Trust cuts waiting list backlog created by computer error

BHRUT's new chief executive Matthew Trainer at Queens Hospital in Romford. Picture by Ellie Hoskins

BHRUT chief executive Matthew Trainer - Credit: Ellie Hoskins

A hospital trust has revealed it has reduced the number of patients left waiting more than two years for treatment after a computer error.

This paper reported that Barking, Havering and Redbridge University Hospitals NHS Trust (BHRUT) had admitted to a blunder which saw around 1,800 patients deleted from a waiting list without having been seen.

The mistake affected people who were waiting to see a specialist after a routine referral by a GP.

Of the 1,800 patients impacted, BHRUT confirmed that around 200 had been waiting more than two years for treatment.

But the trust said it has cut this number down to 72 in the space of three weeks.

BHRUT chief executive Matthew Trainer said: “I am proud of how our teams have worked together to help those whose treatment has been delayed.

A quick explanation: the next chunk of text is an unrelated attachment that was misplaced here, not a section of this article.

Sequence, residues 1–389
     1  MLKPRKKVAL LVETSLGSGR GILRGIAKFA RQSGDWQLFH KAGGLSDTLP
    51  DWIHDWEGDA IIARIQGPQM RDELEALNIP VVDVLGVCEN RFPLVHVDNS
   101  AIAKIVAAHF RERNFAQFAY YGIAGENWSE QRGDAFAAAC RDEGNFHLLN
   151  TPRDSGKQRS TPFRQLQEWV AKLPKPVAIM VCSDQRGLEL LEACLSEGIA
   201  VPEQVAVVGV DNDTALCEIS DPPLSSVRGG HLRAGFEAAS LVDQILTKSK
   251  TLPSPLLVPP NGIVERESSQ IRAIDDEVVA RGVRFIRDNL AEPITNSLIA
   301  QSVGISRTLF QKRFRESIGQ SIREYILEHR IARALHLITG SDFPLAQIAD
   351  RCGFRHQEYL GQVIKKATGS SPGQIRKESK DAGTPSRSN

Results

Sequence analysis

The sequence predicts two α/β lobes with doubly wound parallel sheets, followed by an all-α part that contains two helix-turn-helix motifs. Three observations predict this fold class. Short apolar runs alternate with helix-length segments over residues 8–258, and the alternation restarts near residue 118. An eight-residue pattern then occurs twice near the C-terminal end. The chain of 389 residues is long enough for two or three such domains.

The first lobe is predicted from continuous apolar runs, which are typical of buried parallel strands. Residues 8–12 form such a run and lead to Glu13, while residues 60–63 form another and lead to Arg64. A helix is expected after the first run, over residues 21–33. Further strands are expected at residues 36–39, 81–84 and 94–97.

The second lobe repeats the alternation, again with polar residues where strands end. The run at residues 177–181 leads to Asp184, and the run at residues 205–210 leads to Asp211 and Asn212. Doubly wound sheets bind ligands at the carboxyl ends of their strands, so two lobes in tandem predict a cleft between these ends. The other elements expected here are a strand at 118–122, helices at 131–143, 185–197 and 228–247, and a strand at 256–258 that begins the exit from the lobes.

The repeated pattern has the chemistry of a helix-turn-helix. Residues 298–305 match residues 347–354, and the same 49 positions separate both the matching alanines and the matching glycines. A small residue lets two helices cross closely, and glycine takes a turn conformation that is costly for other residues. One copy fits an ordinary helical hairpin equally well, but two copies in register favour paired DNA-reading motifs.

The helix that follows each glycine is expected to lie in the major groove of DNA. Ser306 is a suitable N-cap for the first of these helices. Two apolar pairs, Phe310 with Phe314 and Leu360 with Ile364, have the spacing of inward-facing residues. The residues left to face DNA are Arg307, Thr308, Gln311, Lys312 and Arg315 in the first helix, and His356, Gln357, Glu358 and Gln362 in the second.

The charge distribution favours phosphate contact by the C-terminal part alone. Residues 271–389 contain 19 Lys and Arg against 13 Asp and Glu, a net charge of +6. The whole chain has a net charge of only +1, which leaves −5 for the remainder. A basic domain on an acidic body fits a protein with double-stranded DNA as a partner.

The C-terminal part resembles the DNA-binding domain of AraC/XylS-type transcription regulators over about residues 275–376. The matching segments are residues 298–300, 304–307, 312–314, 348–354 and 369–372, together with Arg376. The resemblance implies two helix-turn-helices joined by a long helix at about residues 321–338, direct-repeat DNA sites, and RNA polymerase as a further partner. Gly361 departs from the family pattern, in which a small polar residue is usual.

"I am confident their dedication and innovation will ensure we clear this particular backlog by the end of June, except for a small number of cases where patient choice may be a factor."

The trust, which runs Queen's Hospital in Romford and King George Hospital in Goodmayes, has used a number of initiatives to try and get on top of its waiting list backlog.

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These included two "super weeks" in ophthalmology which saw a total of around 1,800 patients seen while the gynaecology team has run two weekend clinics this month, seeing a total of 158 patients.

Another clinic is planned this Sunday and more weekend clinics will be held in the months ahead, a trust spokesperson said.

Senior doctors have also been allocated to the regular weekday gynaecology clinics to ensure more patients are seen.

The trust said the computer mistake has been fixed and those affected have been contacted.

It is carrying out reviews to assess the impact of the delays and a formal group is being set up to oversee the trust's response.

Mr Trainer apologised for the mistake, adding: "We are putting on extra clinics to reduce the backlog.

"When mistakes happen in healthcare, I believe it’s important to be open and transparent about what went wrong and be clear about what’s being done to put it right."